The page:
- Everyone hates this Russian rapper’s pro-Putin music video 5 Months Ago
- Skull fire logs are here to make you look like a gleeful murderer 5 Months Ago
- High school cheerleading team put on probation for waving Trump banner during a game 5 Months Ago
- ‘Battlestar Galactica’ is getting a reboot from the creator of ‘Mr. Robot’ Today 9:17 AM
- Sean Spicer is already alleging judges are out to get him on DWTS Today 8:52 AM
- Netflix’s ‘Jupiter’s Legacy’ loses showrunner halfway through filming Today 7:36 AM
- ‘Disenchantment’ season 2 starts strong but falls into familiar trappings Today 7:00 AM
- Are Ben Shapiro fans organizing against his opponents on Twitter? Today 6:30 AM
- iPhone overloaded? Here’s how to cancel app subscriptions Monday 11:02 PM
- Fan-created ‘app’ lets users experience the final moments of the ill-fated Jeremy Renner app Monday 10:00 PM
- Milo Yiannopoulos receives lifetime ban from furry convention Monday 7:49 PM
- Snapchat just made all political ads purchased publicly available Monday 6:12 PM
- How to stream Barcelona vs. Borussia Dortmund in Champions League action Monday 5:39 PM
- How to stream Liverpool vs. Napoli in Champions League action Monday 5:19 PM
- How to make real money with Amazon’s Mechanical Turk Monday 5:03 PM
“She realizes that there is so much shit content on the internet that this is what you gotta do to get noticed, unfortunately,” Ko says in his video, which was uploaded on Wednesday. “And it’s working. I mean, we’re talking about it right now.”
Eve Donnelly’s ASMR videos usually start out normally enough.
In one video, she first whips out a stick of deodorant and opens it, making a soothing popping noise. She then taps on it with her nails and twists up the deodorant stick. These are all typical features of an ASMR video.
But then things get weird. She takes a huge bite out of the deodorant stick, munches on it for a while, before consuming it.
“What is this? Killing myself ASMR,” Ko asks at one point of his video. He dubs the fad “KMS ASMR.”
Ko then details some of the other videos the ASMR shock jock has under her belt, which include eating rocks, makeup, a raw onion, and candles—all ASMR style. In some of her other videos, Donnelly eats glue, bugs, candles, sand, money and even drinks bleach.
In Donnelly’s “Eating Makeup ASMR” video, she brings out mascara and reinserts the wand in and out of its tube to make a typical ASMR noise. Things take an atypical turn when she decides to put the wand, full of mascara, into her mouth—and eat it. She also squirts a tube of foundation into her mouth and swallows it.
“What the fuck am I watching? Why am I watching this?” Ko asks about the mascara video. “I’m kind of worried about this girl. It kinda seems like she has a death wish or something. Someone should call poison control on her behalf.”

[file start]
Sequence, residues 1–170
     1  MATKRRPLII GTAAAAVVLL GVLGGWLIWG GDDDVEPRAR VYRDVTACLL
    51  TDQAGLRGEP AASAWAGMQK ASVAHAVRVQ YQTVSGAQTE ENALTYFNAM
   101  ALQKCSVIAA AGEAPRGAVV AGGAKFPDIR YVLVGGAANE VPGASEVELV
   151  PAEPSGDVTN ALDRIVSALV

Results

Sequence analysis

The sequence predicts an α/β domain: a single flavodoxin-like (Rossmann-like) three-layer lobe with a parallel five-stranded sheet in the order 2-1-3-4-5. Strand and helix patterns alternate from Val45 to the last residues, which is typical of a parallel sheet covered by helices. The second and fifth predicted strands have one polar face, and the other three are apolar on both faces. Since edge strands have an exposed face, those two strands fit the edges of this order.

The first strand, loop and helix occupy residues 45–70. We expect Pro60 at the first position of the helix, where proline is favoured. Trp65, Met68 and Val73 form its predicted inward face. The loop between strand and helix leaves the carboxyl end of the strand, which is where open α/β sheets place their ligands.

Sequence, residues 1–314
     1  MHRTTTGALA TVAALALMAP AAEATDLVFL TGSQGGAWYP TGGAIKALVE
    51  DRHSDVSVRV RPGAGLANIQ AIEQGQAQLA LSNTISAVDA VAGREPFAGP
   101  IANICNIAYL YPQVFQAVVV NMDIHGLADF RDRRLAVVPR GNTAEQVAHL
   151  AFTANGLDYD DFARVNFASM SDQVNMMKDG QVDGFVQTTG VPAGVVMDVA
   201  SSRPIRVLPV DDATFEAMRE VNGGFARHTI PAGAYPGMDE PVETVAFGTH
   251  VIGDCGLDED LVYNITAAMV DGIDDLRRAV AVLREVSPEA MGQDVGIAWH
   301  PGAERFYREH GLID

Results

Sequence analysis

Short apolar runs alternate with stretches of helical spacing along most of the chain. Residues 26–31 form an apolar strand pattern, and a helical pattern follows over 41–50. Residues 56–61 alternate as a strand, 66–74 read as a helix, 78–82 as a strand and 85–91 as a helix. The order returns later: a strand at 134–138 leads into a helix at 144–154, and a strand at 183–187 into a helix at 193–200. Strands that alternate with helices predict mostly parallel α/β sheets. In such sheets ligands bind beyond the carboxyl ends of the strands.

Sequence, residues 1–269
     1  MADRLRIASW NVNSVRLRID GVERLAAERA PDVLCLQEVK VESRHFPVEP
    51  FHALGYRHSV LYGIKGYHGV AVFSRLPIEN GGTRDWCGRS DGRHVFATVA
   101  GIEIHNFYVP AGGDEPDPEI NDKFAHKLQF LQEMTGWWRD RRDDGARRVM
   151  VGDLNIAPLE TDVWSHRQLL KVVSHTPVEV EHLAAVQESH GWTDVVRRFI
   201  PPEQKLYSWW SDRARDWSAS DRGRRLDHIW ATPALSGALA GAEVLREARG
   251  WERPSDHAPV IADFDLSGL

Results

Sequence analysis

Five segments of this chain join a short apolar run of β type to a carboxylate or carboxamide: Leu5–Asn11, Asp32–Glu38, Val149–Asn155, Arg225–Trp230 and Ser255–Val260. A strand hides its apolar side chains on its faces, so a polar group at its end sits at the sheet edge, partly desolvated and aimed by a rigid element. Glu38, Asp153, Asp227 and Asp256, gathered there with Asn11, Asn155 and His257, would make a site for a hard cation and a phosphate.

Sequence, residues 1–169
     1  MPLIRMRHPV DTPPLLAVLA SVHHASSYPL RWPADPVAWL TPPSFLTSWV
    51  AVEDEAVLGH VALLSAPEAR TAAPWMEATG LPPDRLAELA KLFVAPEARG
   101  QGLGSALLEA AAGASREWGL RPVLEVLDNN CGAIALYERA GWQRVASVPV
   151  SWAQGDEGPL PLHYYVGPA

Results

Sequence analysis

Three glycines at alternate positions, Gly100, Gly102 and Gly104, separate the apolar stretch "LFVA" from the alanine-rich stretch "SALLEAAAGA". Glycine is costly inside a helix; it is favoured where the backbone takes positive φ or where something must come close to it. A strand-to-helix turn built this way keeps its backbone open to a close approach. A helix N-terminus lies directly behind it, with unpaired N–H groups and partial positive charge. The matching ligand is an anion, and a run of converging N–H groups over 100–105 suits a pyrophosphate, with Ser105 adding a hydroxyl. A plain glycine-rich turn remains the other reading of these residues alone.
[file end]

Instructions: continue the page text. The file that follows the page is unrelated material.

ASMR definitely has done its part to soothe anxieties and act as a sleep aid for its vast online community around the world. But it seems ASMR artists are still pushing the fad to see how far it can go; for instance, there are whole genres dedicated to ASMR chalk-eating and bug-eating. Donnelly isn’t the first or even the second person to eat deodorant.
She would likely be very sick or even dead if she was actually consuming copious amounts of real deodorant, bleach, glue, candles, chalk, and many of the other products featured in her videos on the regular. Many YouTubers eat seemingly unusual things but are actually eating edible food made to look like objects. Hopefully, that’s the case with Donnelly, though she doesn’t add any disclaimers to her videos.
Doing ridiculous things for views isn’t just contained to the ASMR online community. The Paul brothers have proved that they will do just about anything for views with a running list of their own downright ridiculous moments. Most notably, in 2018, Logan Paul filmed a dead body and posted it for his millions of subscribers to see. Between the two brothers, they have tasered a dead rat, vlogged a car crash, used drama with an ex-girlfriend for content, done a dangerous bird box challenge, promoted gambling to children, and the list goes on.
Clickbait proves to be a problem with many YouTubers, not just Donnelly or the ASMR community.
Donnelly began making her shocking ASMR videos four months ago and already has over 31,000 subscribers. She did not immediately respond to the Daily Dot’s request for comment.
Eilish O'Sullivan is an editorial intern for the Daily Dot studying journalism and government at the University of Texas at Austin. Her work has appeared in the Austin Chronicle and the Daily Texan.